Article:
The American Psychiatric Association website, www.psychiatry.org, defines OCD as “an anxiety disorder in which time-consuming obsessions and compulsions significantly interfere with a person’s routine, making it difficult to work or to have a normal social life. OCD often begins in childhood, adolescence or early adulthood. Afflicting over four million Americans, OCD is equally common in men and women and knows no geographic, ethnic, or economic boundaries.”

The Mayo Clinic website, www.mayoclinic.com, delves a little deeper into the psychological mechanics of the affliction, describing a vicious cycle “in which you have unreasonable thoughts and fears (obsessions) that lead you to engage in repetitive behaviors (compulsions)... (Y)ou may realize that your obsessions aren’t reasonable, and you may try to ignore them or stop them. But that only increases your distress and anxiety. Ultimately, you feel driven to perform compulsive acts in an effort to ease your distress.”

When I talk about the fear that someone with OCD experiences, I am not talking about a normal level of concern, say, about your parents when they are traveling by plane to visit you. I am talking an internal hysterical panic at even the mere thought.

It’s the kind of panic you feel if you turned around while walking through the mall and couldn’t see your toddler. Something faulty happens in our brain that heaps up the panic and fear to an extraordinary level, and to alleviate that insane fear we must carry out the rituals we have learned to rely on.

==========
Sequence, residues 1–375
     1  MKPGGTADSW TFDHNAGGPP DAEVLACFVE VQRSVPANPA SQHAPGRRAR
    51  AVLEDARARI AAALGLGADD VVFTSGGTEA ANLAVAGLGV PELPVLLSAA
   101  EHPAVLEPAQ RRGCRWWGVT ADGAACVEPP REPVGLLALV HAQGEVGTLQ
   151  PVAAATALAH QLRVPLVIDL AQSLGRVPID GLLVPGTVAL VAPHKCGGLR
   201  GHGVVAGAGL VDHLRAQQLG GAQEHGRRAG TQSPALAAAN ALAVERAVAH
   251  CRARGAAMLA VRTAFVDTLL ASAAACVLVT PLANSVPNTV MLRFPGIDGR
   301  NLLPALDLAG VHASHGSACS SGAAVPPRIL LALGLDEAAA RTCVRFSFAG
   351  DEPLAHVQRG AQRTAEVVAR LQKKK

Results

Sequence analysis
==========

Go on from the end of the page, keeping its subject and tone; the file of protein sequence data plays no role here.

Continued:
My obsessive thoughts, unfortunately, center on the fear of myself hurting someone or someone being hurt because of something I did or failed to do. Because of this, I carry out compulsions — those pesky repetitive behaviors —to ease the fear.

Just recently, my fears and thoughts have centered on the idea that I am a neglectful mother. Am I? Emphatically, NO!!! But I have made some mistakes along the motherhood trail. Who hasn’t?

Unfortunately for me, OCD carries a heavy burden of perfectionism. I see every mistake I made as a huge catastrophe. He fell and bumped his noggin; I must be completely neglecting him.

That’s crazy logic, right? But that’s just the point; there is ZERO logic with OCD. And the worst part of OCD is that each of us with OCD knows that there is no logic to it, but, still, we can’t help ourselves.

I will remember a time I messed up (or I think I messed up), then I will panic and worry about how awful it was. Then I will start to get over the worry and feel better and know that I am not a bad mother. But then ... OCD raises it’s head up in the back of my brain and tells me “wait a second, do you remember all those other times you messed up, let me remind you of those ... and if you can’t fully remember if or how you messed up, well I will just create a new, worse memory for you to gnaw with panic on.”